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Wearable device battery could last 10 years

Agam Shah | April 25, 2014
Researchers have designed a battery that could keep wearable and health care devices running for 10 or more years without a recharge.

The new CFx battery design has a multipurpose electrolyte of solid lithium thiophosphate that can be an ion conductor and also serve as a cathode. The electrolyte can carry charge and hold ions, which helps boost the energy capacity of the battery. The prototype CFx battery has a solid electrolyte, while conventional batteries have liquid electrolytes, Liang said.

"You have an electrolyte that not only does its own job, it provides the function of the cathode," Liang said. "You can also store energy in the electrolyte."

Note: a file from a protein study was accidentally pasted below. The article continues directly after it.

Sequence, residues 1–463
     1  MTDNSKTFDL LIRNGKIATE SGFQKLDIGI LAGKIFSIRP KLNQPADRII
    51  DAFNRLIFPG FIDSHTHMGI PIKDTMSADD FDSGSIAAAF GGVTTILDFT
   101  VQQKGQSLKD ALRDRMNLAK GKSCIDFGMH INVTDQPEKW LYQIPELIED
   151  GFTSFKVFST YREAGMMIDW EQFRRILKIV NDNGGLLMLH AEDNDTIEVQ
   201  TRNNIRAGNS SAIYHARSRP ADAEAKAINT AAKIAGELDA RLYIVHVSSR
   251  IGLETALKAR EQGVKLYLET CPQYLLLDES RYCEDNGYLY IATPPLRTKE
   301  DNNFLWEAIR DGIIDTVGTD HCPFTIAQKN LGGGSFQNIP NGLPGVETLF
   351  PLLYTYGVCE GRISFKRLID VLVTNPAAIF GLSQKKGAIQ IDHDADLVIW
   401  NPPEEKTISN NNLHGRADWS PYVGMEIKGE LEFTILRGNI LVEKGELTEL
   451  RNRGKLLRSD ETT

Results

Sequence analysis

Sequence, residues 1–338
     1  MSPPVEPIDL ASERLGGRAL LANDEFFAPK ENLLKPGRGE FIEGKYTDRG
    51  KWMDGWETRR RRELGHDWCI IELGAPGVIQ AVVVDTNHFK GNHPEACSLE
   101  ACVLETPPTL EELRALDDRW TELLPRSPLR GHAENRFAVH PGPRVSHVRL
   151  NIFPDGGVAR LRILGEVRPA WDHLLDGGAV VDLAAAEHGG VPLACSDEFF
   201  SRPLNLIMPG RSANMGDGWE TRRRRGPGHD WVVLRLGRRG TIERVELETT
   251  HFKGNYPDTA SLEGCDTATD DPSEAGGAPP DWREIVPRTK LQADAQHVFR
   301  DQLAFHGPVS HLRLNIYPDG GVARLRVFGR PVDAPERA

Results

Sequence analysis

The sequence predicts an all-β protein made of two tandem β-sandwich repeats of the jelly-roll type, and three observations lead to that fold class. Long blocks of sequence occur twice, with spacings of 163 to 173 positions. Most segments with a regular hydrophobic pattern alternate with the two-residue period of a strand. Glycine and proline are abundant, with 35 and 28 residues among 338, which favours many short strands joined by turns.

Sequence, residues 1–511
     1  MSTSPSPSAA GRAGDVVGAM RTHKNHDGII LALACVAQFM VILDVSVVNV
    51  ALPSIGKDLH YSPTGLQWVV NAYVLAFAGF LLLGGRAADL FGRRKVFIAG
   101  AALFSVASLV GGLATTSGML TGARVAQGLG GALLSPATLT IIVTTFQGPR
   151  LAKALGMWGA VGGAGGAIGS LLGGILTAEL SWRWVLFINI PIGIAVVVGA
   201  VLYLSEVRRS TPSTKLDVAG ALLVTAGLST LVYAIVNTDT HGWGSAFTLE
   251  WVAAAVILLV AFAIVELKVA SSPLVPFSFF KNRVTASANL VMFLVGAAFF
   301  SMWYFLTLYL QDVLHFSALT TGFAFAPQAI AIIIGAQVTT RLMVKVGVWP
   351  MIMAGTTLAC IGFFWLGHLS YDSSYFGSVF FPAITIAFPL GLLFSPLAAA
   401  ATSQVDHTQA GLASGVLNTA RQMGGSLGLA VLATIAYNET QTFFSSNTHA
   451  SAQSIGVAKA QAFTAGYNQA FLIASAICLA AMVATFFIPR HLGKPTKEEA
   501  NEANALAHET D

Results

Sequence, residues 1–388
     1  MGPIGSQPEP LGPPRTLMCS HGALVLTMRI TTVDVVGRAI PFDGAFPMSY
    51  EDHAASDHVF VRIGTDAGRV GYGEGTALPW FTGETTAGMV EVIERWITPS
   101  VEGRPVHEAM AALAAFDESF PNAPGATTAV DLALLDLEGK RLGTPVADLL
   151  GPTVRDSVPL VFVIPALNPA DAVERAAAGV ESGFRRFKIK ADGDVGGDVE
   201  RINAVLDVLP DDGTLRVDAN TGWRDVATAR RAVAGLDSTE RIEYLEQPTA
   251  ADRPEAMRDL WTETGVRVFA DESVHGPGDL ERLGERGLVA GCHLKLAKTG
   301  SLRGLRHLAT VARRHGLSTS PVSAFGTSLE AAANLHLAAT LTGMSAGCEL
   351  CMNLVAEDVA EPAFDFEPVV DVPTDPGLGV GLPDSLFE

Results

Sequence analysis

The dual-functioning electrolyte could lead to new battery designs, and new batteries could be in the market in a few years, Liang said. He wasn't able to determine the cost of making such batteries.

"I have no idea of mass production and how much it's going to cost for each individual battery. All the material we use here is abundant.," Liang said.

ORNL researchers worked for three to four years on this battery technology and are researching new solid electrolyte materials, Liang said.

ORNL, based in Oak Ridge, Tennessee, is managed by University of Tennessee, Battelle.

 

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